Sally Rooney’s debut novel.
I consumed this book in a matter of days, as I did Normal People, immersed by her writing style which I know can irritate some readers due to its lack of punctuation on speech. The idea is that the reader interprets what is being said around the words and how the character feels in that moment, as the situation is so relatable and normal, based on the ambiguous environment we may find ourselves in.
Like the success of Normal People, I am SO pleased this book will too be turned into a 12-part miniseries on BBC (and Hulu) with the same production company and director Lenny Abrahamson (who was AMAZING), which will no doubt boost the careers of Alison Oliver as the main character Frances, as well as Sasha Lane as Bobbi and Joe Alwyn as Nick (Taylor Swift’s boyf).
The story is told from Frances’ perspective, who appears to be a somewhat flawed character, preferring to remain quiet yet speak when she feels necessary, even if her words sting others’ feelings. She has a close relationship with her friend Bobbi, who also turns out to be her ex-girlfriend and it seems she is still hurting from their breakup.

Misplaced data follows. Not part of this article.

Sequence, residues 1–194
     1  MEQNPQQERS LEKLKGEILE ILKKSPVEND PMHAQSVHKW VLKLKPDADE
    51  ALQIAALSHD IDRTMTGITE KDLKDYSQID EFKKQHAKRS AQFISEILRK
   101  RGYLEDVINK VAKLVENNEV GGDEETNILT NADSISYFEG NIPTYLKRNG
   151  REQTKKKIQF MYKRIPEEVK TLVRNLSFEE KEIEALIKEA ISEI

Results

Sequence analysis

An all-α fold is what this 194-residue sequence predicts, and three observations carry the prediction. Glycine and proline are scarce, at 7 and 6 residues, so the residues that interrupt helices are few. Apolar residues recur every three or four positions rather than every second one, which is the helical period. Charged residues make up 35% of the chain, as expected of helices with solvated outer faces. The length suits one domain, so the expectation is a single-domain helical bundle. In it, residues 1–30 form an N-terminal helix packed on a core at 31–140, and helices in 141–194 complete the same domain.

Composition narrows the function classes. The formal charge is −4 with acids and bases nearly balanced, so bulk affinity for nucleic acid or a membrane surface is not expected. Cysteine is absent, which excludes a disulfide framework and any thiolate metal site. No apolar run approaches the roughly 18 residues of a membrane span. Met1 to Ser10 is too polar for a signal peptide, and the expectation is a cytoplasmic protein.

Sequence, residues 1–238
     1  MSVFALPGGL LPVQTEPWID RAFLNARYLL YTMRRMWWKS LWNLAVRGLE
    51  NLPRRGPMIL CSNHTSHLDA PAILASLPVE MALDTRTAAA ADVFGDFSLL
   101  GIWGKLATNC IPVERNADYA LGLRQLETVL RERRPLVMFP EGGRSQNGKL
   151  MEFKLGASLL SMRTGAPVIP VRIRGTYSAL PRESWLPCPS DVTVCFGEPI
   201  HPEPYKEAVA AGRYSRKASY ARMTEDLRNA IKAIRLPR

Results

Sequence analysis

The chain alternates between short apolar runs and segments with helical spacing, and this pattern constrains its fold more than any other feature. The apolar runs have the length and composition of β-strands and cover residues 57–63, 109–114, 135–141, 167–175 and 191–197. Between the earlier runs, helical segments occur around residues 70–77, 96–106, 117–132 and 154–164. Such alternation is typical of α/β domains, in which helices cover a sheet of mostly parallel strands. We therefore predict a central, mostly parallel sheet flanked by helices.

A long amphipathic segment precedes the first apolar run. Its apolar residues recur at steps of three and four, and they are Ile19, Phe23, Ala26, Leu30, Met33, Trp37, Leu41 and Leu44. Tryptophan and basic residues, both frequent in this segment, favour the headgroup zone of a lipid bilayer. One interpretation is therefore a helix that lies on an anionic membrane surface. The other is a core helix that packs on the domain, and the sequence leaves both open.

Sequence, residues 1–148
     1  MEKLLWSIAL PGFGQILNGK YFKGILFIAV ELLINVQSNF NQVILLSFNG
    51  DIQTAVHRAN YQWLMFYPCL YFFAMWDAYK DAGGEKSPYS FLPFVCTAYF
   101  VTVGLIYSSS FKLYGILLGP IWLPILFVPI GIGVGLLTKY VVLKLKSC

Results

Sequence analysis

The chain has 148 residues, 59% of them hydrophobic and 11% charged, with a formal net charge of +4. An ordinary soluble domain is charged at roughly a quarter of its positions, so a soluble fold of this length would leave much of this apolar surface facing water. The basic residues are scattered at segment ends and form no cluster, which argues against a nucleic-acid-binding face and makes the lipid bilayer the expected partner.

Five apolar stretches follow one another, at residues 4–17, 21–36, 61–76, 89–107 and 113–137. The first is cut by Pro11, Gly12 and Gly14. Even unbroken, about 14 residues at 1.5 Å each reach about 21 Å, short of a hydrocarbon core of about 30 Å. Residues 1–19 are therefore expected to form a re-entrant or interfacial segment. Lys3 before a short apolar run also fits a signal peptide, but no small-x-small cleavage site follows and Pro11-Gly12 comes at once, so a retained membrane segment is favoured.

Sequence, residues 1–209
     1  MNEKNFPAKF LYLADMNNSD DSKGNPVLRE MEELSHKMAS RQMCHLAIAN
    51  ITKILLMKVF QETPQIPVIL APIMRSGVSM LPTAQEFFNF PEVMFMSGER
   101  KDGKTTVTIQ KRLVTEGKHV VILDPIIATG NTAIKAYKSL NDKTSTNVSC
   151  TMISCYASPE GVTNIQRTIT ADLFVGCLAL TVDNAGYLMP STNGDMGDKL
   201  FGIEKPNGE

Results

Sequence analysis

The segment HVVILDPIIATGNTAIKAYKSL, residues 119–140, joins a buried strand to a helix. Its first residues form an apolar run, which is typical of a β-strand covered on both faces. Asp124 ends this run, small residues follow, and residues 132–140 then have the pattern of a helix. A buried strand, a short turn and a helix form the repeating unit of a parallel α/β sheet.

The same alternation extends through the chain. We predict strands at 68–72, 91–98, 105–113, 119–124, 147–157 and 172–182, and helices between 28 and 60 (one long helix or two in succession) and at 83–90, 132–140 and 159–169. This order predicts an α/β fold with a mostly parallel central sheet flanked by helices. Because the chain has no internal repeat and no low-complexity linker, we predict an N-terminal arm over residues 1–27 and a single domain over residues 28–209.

We experience Frances go through pain in the form of self-harm, mental health struggles, family issues and the physical pain of endometriosis, all the while dealing with many conflicting thoughts as she and Bobbi are introduced to the wealthy couple, Melissa and Nick, who are all fascinated by each other.
As a result of Nick’s unhappy marriage and Bobbi’s spinning emotions, the pair end up having an affair.
The book consists of a series of conversations, however small and difficult they are, yet are captivating each time as they are captured so realistically between friends (ground-breaking title, right?). Reading through Frances’ experience, we are left to interpret her thoughts and feelings as she remains to be cold towards others. But is she all she seems… What will be of her and Nick? Or Bobbi? Or Melissa?
So worth the read.